(vibrant, real, momentary, like she was)
but now it’s time for practical silk, and you cry,
not because she deserves better than fakes, though she does,
but because silk lasts awhile, and you know now,
this is going to take much longer than you thought.
so you secure those wings even tighter,
and you plant those silk flowers
secure, for the long unchanging time.

III.
now’s the season
when nothing much happens.
you glide by the place, just like the others;
though you slow and breathe, you don’t stop.

as time goes on, you notice:
the bright, fake flowers grimace on, stupidly,
as if put there only yesterday,
but
the cardboard wings have aged:
the feathers are dulled,
the edges are worn,
the fringes are ragged;
despite all your hard work,
they are becoming more and more
an organic part of things.

it is the paradox of grief,
always fading,
always and ever new.

~

photo credit: MTSOfan via photopin cc

Resting in the Words of Others

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Lent begins tomorrow, and among other things, I’m experiencing the season by taking a break from blogging. But only sort of. These next several weeks I’ll be highlighting posts from the archives, sharing quotes and links that mean something to me, and maybe even posting a photo or two.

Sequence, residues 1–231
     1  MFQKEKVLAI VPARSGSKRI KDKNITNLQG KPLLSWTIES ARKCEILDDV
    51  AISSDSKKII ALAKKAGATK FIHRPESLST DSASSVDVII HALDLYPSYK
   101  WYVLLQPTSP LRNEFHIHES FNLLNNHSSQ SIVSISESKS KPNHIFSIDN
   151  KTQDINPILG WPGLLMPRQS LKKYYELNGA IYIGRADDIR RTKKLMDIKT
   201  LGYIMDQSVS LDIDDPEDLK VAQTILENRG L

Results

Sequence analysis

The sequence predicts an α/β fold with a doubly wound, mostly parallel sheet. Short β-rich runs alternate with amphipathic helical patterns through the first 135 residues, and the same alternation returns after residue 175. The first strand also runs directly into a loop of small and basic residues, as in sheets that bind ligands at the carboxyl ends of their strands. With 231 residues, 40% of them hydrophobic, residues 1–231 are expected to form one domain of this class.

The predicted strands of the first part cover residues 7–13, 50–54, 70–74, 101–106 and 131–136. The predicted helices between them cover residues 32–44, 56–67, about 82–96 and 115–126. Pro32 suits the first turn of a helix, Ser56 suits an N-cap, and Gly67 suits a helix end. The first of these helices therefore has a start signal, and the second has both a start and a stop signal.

There are a number of reasons for this, one being that I’m trying to make headway on my next book, Spirituality in the Smartphone Age. I need to create some space and time for those words to come. So I’ll be resting in the words of others…

In this space, anyway. I’ll be writing short weekly reflections on my email list, which you can sign up for here.

I’ve written before about how judgy people can get about Lent practices that strike them as too much about self-improvement and not enough about devotion to God. I’m not interested in diagnosing whether giving up blog writing is a “good enough” discipline. It’s what I’m doing, that’s all. I feel called to it.

How about you? Will you be taking on a practice this Lent?

~

photo credit: Darwin Bell via photopin cc

More on Lent at Tiny Church, Plus Easter Musings

A few weeks ago I shared a little about our Lent series at Tiny Church. Here are a few notes for the second half of the season:

Our series on the last week of Jesus’ life continued on March 3 with the Last Supper. I didn’t do much with the table since it was set for communion. The kids went to Sunday School that day (we do SS twice a month and the Upper Room twice a month) and they made chrysalises. They made tissue paper butterflies, which they put inside toilet paper tubes, wrapped them in purple tissue paper and tied them off on each end. They are currently hanging from the ceiling of our fellowship hall with the idea that the “new life” will emerge on Easter Sunday.